Wilhelmina Byrd Brown Parklet renamed ‘Inspiration Park’


In 1989, four years after her passing, Wilhelmina Byrd Brown was the first recipient of the “Spirit of King” award. The award is given annually to a Pittsburgh-area individual who pursues human rights and equality in the spirit of Dr. Martin Luther King Jr.

As noted on sponsor Pittsburgh Regional Transit’s website, Brown dedicated 50 years of her life to public service, participating in dozens of community boards and organizations, most notably the YWCA, the Community Chest and the United Service Organization.

Since 1989, there have been others who have been posthumously honored with the award, such as K. Leroy Irvis, “Teenie” Harris and Katie Everette-Johnson. But the parklet that sits along the Dr. Martin Luther King Jr. East Busway in East Liberty was always named the Wilhelmina Byrd Brown Parklet. On Aug. 30, however, Pittsburgh Regional Transit officially renamed the Wilhelmina Byrd Brown Parklet as “Inspiration Park,” as a way to honor not only Brown, but all of the past and future recipients of the award. Members of the Spirit of King committee and other local officials unveiled the beige stone that’s firmly entrenched in the parklet as light rain fell. The words “Inspiration Park” are engraved in the stone.

If the name Wilhelmina Byrd Brown sounds familiar, well, that’s because she was the mother of Pittsburgh civil rights champion Byrd Brown, an attorney who also headed the Pittsburgh NAACP. Wilhelmina Byrd Brown’s husband was Homer S. Brown, the first Black judge in Pittsburgh history.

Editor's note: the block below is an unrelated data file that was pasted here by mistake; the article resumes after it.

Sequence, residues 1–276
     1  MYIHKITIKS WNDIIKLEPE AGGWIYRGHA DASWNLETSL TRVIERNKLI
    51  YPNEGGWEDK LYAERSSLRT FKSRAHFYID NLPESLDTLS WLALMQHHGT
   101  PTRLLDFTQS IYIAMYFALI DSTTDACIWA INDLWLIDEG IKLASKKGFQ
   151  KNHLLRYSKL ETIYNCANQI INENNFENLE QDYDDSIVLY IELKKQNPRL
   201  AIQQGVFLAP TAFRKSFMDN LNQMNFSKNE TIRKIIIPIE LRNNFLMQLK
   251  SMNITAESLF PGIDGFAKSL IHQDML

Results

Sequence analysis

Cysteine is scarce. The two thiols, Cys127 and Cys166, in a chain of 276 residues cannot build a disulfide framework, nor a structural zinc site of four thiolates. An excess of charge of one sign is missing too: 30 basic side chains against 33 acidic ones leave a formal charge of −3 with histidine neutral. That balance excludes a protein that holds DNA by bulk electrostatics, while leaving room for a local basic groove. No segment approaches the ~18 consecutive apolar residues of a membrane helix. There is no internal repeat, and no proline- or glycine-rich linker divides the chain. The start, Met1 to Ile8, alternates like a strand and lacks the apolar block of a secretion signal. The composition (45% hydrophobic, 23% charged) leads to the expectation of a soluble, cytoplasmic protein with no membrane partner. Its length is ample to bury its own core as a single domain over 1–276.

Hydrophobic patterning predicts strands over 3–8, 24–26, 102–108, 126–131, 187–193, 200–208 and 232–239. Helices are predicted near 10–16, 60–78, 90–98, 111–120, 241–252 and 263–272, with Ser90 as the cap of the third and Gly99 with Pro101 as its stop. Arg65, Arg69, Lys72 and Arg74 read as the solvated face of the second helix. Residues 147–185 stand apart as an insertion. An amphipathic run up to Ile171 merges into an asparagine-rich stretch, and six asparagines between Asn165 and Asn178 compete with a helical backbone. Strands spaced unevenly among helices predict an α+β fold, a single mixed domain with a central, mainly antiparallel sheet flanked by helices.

Across from the parklet is a sign with the names of the rest of the Spirit of King award recipients. Pittsburgh Mayor Ed Gainey told the assembled crowd that walking in the parklet area in East Liberty is an educational experience.

“When kids walk by with their moms, and ask, ‘What does this mean?’ They can go through the history of how we got here today,” the mayor said. “…I find much inspiration of every time I see a name on there. Like Robert Lavelle, Nate Smith, Elmer McClung, Dr. Sylvester Pace, Harvey Adams… as I sit here and look at this wall, I want to thank them for bringing us all through.”

Pittsburgh Regional Transit CEO Katherine Kelleman told the New Pittsburgh Courier that her first event as CEO was the Spirit of King ceremony, and she was blown away by the packed room at the Kingsley Association and how seriously people took the ceremony. She said PRT was proud to be part of the Spirit of King ceremony for so many years, and the agency will continue its involvement.

Dexter Hairston, executive director of the nearby Kingsley Association in East Liberty, told the Courier that the name “Inspirational Park” arose from the Spirit of King committee wanting people to come to the parklet area (across from Target near the corner of Penn and Shady avenues) and be “inspired” by the many civil rights heavyweights that Pittsburgh has seen.

“Although they are deceased, it doesn’t mean that their legacy and their work should go unnoticed,” Hairston said.

The parklet is meant to be for family members of the deceased champions, too. Hairston said when family members come to the Spirit of King ceremony or what’s now known as “Inspiration Park” in East Liberty, and they see the other people who congregate at those sites, the family members “really learn about the impact that their loved one made.”

Pittsburgh Regional Transit, the Kingsley Association and New Pittsburgh Courier are sponsors of the annual Spirit of King ceremony and award, presented each January.





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